Jimenez and Saadi are running on a platform based on “grassroots” work with the student body. The pair has garnered ideas for CC projects from speaking with various campus organizations and student-run groups, including the Outing Club, Lehman Council, the International Club, Minority Coalition, Williams Transport and the Record.
“You can’t expect to bridge the different social groups if [CC] cannot reach out to them,” Jimenez said. She said that she believes that student groups can help one another in achieving their goals. For example, the team explained that one component of its agenda is providing an advertising space in the Record for student organizations.
“We hammered out the details and cost before presenting it on our platform,” Jimenez said. Saadi noted that “our platform is all feasible.”
Saadi, who has not been a member of CC but has served as a Bridges leader, is currently a JA, helped to organize the “HerStory” Claiming Williams event and worked to found the InterFaith club, said that his leadership skills will transcend these experiences. “I’ve never been on CC, but I’ve organized a lot of events,” Saadi said. “Having worked outside of CC, I started seeing that CC could do so much for campus organizations.”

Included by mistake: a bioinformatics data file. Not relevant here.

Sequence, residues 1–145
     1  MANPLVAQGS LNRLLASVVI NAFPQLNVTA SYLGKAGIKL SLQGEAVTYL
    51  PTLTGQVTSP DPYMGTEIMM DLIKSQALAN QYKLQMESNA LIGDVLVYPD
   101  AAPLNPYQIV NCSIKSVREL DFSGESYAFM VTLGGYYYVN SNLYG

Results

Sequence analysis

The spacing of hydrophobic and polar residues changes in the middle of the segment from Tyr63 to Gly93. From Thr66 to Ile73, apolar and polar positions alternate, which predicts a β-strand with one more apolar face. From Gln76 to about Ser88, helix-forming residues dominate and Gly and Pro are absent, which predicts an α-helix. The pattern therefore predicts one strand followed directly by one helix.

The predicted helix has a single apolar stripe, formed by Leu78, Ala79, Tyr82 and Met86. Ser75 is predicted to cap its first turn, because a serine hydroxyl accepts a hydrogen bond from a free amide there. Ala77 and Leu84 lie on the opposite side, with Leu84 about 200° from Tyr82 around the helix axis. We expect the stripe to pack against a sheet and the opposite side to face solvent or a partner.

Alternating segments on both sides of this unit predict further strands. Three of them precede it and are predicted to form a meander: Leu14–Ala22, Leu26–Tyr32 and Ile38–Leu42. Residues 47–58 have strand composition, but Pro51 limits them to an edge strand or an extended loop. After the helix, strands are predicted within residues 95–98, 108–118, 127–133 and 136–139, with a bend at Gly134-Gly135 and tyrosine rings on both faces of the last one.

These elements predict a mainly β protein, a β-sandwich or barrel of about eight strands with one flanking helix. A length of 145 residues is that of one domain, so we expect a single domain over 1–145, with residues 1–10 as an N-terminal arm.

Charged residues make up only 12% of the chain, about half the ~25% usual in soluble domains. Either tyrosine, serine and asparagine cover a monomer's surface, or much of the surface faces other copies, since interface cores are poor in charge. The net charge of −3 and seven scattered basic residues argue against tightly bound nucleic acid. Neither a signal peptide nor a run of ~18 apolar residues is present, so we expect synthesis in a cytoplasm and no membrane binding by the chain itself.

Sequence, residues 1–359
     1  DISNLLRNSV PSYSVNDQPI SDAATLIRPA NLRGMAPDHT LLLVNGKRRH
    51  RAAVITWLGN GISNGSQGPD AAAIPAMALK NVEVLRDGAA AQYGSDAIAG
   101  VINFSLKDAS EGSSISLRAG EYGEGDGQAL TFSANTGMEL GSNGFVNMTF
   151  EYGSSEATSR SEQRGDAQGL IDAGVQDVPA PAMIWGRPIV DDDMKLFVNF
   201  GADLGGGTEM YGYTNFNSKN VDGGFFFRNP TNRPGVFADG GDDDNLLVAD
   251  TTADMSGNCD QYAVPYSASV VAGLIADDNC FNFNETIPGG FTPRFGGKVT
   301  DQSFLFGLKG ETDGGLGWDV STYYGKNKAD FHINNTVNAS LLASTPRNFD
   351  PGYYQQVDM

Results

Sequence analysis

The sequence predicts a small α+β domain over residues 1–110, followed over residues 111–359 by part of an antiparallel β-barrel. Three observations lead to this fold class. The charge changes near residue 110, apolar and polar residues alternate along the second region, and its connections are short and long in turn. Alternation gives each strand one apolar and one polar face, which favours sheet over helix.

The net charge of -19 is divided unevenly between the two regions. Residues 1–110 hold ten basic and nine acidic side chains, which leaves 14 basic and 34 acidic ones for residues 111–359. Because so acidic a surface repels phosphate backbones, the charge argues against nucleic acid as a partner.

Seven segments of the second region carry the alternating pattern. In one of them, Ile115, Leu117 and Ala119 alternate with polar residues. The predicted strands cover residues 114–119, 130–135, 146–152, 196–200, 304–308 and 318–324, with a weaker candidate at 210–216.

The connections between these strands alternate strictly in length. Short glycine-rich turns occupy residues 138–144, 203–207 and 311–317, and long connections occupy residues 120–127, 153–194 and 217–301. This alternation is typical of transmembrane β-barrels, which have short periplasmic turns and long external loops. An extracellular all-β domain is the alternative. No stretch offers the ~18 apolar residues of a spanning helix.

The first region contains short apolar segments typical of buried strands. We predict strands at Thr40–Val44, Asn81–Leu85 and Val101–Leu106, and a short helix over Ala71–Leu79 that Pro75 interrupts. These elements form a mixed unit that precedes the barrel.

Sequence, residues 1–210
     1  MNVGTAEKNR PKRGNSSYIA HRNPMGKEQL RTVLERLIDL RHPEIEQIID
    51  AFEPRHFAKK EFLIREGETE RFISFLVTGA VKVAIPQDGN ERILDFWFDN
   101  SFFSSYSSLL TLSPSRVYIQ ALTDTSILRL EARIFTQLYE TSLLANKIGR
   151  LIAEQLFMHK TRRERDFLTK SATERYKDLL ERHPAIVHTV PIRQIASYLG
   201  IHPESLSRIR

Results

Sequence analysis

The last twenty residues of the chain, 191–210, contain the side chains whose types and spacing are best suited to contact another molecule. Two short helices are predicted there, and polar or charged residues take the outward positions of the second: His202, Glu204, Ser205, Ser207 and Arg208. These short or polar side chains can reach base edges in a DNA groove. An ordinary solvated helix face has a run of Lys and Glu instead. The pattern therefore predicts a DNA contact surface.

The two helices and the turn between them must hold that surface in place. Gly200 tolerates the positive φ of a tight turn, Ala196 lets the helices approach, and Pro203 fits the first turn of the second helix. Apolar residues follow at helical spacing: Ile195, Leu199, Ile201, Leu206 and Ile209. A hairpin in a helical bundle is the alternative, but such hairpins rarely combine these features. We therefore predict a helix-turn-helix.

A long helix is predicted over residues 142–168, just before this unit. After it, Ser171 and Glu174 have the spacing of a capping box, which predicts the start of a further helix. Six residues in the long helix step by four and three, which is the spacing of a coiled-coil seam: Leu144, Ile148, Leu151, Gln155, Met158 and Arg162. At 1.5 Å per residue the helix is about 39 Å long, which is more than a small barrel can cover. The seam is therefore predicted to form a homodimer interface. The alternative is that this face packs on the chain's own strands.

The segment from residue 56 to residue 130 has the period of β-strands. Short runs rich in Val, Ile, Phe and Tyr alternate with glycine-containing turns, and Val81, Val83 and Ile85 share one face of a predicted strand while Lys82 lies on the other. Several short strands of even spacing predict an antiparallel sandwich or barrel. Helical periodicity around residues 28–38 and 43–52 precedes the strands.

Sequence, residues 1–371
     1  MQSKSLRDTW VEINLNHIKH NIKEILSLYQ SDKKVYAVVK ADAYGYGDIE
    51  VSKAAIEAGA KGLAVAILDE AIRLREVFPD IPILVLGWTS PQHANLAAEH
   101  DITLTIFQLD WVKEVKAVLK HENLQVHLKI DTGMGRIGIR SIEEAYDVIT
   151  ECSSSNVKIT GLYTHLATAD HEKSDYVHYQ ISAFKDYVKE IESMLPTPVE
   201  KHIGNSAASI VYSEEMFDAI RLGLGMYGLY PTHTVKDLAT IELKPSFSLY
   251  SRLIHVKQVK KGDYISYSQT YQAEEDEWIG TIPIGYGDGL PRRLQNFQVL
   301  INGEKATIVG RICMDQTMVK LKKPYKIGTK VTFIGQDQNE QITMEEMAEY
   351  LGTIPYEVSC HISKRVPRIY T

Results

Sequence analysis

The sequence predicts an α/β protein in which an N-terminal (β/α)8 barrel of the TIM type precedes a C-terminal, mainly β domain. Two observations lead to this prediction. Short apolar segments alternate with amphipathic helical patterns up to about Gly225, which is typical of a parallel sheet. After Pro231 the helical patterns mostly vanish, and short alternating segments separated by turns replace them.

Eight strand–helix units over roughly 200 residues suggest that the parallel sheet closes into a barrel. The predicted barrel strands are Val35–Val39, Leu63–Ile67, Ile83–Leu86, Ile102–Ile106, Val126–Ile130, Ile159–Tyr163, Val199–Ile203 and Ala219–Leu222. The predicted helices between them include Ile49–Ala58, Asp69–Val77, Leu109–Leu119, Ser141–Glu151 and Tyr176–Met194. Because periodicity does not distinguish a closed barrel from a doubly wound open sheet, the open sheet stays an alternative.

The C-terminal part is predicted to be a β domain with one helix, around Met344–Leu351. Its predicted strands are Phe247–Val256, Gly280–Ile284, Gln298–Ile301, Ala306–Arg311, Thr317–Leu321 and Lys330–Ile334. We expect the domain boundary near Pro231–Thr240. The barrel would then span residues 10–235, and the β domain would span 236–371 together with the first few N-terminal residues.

One keystone of the team’s platform is student social life. “On a student level, we want to make sure on Fridays and Saturdays there’s an event,” Jimenez said.
According to Jimenez, the pair will work to “open the channels of communication between [All Campus Entertainment] and the neighborhoods and CC.” Jimenez said that if the three organizations combine their collective “brainpower, manpower and creative ideas,” then a symbiotic relationship is possible.
As far as adapting the way CC currently operates, Saadi said that he and Jimenez want to “make CC representatives responsible for a group or organization. These reps would be in contact with the organizations they represent. They would hear what challenges students [and] organizations [are] facing and together we can devise a solution,” he said.
The pair explained that this type of outreach has been and is still the goal of CC and that they would continue to strengthen the success of such outreach.
Jimenez, a JA who has served as a WOOLF leader, neighborhood representative and CC representative under three different co-president pairs, said that “CC was the network through which I found extensions [to wider campus involvement], and it was the network through which I found myself.”
One particular logistical challenge presented to CC co-presidents is maximizing “the work accomplished in the [weekly meeting] time allotted. We only have an hour and a half and only meet once a week,” according to Jimenez. “The difficulty is reconciling different ideas amongst council members and yet letting the discussion entirely develop and mature.”
Jimenez said she believes an immediate goal for CC ought to be “delineating what the responsibilities of a [CC] representative are … making it really clear what we expect … from our council.”
Long term, the pair has a more far-reaching focus: “I think what needs the most work is just cultivating community and getting people to work together,” Saadi said.